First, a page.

"He certainly does. And he probably crossed your borders illegally. He has a private pilot's licence and he flies all over the world. But he never puts in a flight plan. That should tell you something. He obviously wants to stay one step ahead of the authorities . . . but it's a miracle that he's never caused a mid-air collision. Even so, there have been one or two close escapes."

"Near misses," Johannsen agreed.

Hendricks considered all this. What had started as a simple burglary in a smart street in Plaistow was fast spiralling out of control. And at Christmas, too! Suddenly he had an urge to get back home to Sandra and the twins. He wondered if it was still snowing. His office had a window but no view. It looked out on to a block of flats directly opposite and he kept the blinds permanently closed.

There was a commotion outside in the corridor and before anyone could stop her, a large, red-faced woman burst into the room. She was wearing a two-piece suit made out of some sort of tweed with a scarf hanging loose around her neck. She had no jewellery or make-up and reminded Hendricks of a schoolteacher - a headmistress, perhaps, coming in to report that someone had just kidnapped an entire class.

"Are you Detective Superintendent Hendricks?" she demanded.

"What now?" Hendricks thought. "Yes," he said.

"I'm Fiona Bradshawe." The woman fished in her pocket and produced a crumpled business card. "I'm with the RSPCA."

"I'm afraid I'm rather busy, Ms Bradshawe," Hendricks said.

"I'm here about the man you're holding. The one who was caught in Marlborough Terrace."

"Do you know him?"

"I've never met him - and I don't want to, thank you very much. I'm here about his animals."

"His animals?" Hendricks's head was beginning to spin.

"They're being held downstairs in your pound. I've only had a chance to examine them briefly but it's obvious they're exhausted. And one of them needs to see a vet immediately. The poor thing has a bleeding nose."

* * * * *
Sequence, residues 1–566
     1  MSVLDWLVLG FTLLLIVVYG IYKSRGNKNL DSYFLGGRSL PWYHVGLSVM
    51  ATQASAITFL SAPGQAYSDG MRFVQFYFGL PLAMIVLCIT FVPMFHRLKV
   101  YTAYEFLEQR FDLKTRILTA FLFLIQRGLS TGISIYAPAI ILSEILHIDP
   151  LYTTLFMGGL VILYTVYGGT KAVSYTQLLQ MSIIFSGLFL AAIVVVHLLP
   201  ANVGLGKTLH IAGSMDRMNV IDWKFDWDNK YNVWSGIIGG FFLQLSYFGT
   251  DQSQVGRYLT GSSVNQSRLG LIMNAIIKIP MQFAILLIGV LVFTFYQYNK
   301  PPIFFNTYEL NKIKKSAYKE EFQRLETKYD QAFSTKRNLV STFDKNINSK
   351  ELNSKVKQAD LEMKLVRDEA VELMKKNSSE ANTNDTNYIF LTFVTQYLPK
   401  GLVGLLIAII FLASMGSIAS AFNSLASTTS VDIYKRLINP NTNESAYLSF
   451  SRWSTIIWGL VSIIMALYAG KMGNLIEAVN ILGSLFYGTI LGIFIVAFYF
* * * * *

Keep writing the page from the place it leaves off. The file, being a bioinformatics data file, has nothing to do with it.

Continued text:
"Ms Bradshawe . . ." Johannsen began.

Hendricks held up a hand. Enough was enough. "All right, everyone," he said. "Let's do this one at a time. My prisoner has been arrested for burglary and assault and drunk driving. I was questioning him when you two gentlemen turned up." He glanced at Johannsen and Bjork. "You can see him as soon as I've finished with him. You're welcome to wait in my office. As for you, Ms Bradshawe, if you want to remove these animals, talk to the duty officer. If the RSPCA wants to bring a prosecution, I'd have thought that would be a civil matter. Whatever . . . ! That's the least of my concerns right now."

He walked out of the office before anyone could argue and went back to the interrogation room. But when he arrived, the prisoner was no longer there.

"We couldn't go on without you," Detective Sergeant Branson explained. She was sitting on the table, adjusting her lipstick but she stood up and put it away when he came in. "And that lawyer of his was getting stroppy. He said his client had been up all night and needed a rest so I let them take him back to his cell."

"That's all right, Veronica," Hendricks said.

"I have to say, he seemed a nice old man to me, sir. Reminded me of my grandad. Friendly and cheerful."

"I don't suppose you managed to get anything out of him while I was away?"

"As a matter of fact . . . ," the policewoman blushed. "You won't believe this, but after you'd gone, he asked me if I'd like to sit on his knee!"

"What?"

"That's what he asked me, sir."

"He fancied you?"

"I don't know. Of course, I told him to get lost. There is one thing, though. He did at least give me his name so when we question him again, at least we'll know what to call him."

A few doors away, Prisoner 2412 sat on a bunk, his legs apart, a perplexed look on his face. His red jacket hung on a hook in the corner of the room. One of the policemen had chalked his name - S CLAUS - on the door.

Outside, a security camera swivelled round on its metal post, surveying the high street. The snow was falling more heavily than ever.

Anthony Horowitz is the author of the Alex Rider novels, most lately "Snakehead" (Walker, £6.99)